Nothing wakes a guy up like walking straight through his receptionist. James didn’t even notice the ghost outside his apartment door until the bone-deep spectral chill hit him, and by that point he was already past her and turning around, belatedly registering the faint smell of spectral cigarette smoke.
“Don’t worry about it,” the ghost said, smiling. “It doesn’t hurt. You have a client—I think. I pointed her to the coffee machine and came up to get you.”
They had found out that Dolly could make coffee if the machine was pre-loaded with coffee and water, so all she had to do was press the switch in the morning. She couldn’t pour or serve it, however, at least not without great concentration and a lot of dropped crockery.
“You’re not sure if she’s a client?” James asked, hastily doing up the top buttons of his shirt.
“Well,” Dolly said with a frown, “she’s just a kid. But she said she was looking for the private detective office.”
James’s apartment was located on the top floor of a three-story converted warehouse. The conversion had never really proceeded all the way to the luxury view condos that the developer had no doubt envisioned, and James went past exposed drywall to a stairwell that was functional rather than attractive. The middle floor, still completely unrestored, was used for storage. The ground floor contained a mixed assortment of offices and business space. James headed past all of this, down to the basement.
The Keeley & Associate offices had been adapted from an old basement speakeasy. The basement ran the length of the warehouse, and the reception area took up one entire end, scaled to make it easier for Ozymandias to come and go. The stairs were sized for human steps, but wide enough for a dragon, creating the impression of a great ballroom staircase sweeping down to the floor below.
James had chosen to recreate as much of the original 1920s decor as possible. The reception desk was an old bar top, not actually original to the speakeasy but sourced instead from an architectural salvage company. The walls displayed vintage brickwork and Art Deco prints. For the furniture, he had gone for comfortable and cheap over antique. Oz had argued about this, but James stood firm. He felt that it gave off the wrong vibe if clients came downstairs to be confronted by velvet-upholstered, hundred-year-old Queen Anne chairs. Instead there was a mismatched assortment of fat, squashy couches and armchairs, along with a garage-sale coffee table with the top thoroughly scratched by Oz dragging his tail accidentally (so he claimed) across it.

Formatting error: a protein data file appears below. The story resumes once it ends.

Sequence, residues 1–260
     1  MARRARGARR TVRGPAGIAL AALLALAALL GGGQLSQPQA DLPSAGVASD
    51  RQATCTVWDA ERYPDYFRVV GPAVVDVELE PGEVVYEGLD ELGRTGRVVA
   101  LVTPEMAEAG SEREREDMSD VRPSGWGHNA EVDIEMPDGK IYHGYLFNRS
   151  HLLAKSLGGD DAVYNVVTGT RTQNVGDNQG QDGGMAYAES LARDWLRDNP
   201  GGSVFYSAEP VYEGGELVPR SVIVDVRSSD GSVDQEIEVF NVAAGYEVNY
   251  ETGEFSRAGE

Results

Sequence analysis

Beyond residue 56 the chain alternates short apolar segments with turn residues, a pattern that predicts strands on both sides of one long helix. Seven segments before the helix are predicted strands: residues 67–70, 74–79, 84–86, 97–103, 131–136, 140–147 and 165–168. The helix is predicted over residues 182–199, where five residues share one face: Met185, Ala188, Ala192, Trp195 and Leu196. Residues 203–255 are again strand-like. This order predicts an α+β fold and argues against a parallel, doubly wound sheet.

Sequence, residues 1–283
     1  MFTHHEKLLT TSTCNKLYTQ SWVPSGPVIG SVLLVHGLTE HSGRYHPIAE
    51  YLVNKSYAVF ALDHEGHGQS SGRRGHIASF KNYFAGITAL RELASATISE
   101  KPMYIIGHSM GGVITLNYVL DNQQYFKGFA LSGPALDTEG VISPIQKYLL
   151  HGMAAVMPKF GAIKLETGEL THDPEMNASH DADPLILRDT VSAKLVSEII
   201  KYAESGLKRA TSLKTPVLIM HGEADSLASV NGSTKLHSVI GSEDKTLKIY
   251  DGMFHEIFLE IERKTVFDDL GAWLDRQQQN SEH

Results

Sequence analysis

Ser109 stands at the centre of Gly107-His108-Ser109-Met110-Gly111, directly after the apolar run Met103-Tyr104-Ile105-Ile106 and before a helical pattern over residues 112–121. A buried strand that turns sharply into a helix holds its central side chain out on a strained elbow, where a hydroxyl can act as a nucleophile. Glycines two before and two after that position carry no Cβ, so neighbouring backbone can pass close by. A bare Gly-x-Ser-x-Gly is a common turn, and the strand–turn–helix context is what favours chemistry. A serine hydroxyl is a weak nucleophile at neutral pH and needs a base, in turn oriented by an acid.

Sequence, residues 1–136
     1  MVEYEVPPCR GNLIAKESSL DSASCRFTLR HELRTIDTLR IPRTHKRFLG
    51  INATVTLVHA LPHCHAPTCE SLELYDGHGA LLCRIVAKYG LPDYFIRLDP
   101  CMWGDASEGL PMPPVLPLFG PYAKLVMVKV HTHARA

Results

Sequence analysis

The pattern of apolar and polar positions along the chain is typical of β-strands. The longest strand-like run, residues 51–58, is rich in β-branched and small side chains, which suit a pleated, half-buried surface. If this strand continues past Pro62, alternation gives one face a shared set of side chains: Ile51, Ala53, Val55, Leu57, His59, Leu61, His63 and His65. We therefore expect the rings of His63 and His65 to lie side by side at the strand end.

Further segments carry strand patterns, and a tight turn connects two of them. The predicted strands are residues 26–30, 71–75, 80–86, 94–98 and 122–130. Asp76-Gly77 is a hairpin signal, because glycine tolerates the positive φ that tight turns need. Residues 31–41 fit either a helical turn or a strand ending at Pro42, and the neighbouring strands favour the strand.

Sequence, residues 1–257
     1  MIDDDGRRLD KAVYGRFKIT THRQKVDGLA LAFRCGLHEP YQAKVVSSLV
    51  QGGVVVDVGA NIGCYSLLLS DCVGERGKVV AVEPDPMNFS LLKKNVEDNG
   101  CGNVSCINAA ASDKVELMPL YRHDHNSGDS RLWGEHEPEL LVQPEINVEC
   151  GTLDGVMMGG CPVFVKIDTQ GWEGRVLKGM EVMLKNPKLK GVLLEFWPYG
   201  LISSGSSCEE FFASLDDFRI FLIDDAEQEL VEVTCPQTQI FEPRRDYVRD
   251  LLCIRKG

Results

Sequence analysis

The girl was sitting on a plaid-upholstered couch with her legs tucked up, a magazine in her lap and a cup of coffee in one hand. From the staircase, James took a moment to study her before she had a chance to see him. Dolly was right, she was incredibly young. James was no expert at guessing children’s ages, but he would say mid-teens at the oldest. She was huddled in an oversized purple hoodie, and the size of the office around her made her slight, curled shape look even smaller. She had long black braids with colorful red and blue ribbons threaded through them, and small, slim brown hands curled on the magazine pages.
James cleared his throat.
The girl jumped to her feet, unfolding skinny legs covered in red-and-black striped tights, and spilled coffee on herself.
“Sorry.” James retrieved a handful of napkins from the coffee machine corner and handed them to her. “First I walk through my receptionist, then I give you a scare. I’m off to a great start here.”
The girl took the napkins with a hand decorated with chipped black nail polish and dabbed at her tights above her chunky purple-laced ankle boots. “Are you the detective?” she asked.
“Yeah, I’m James Keeley.” James pulled up a chair adjacent to the couch. “How old are you?”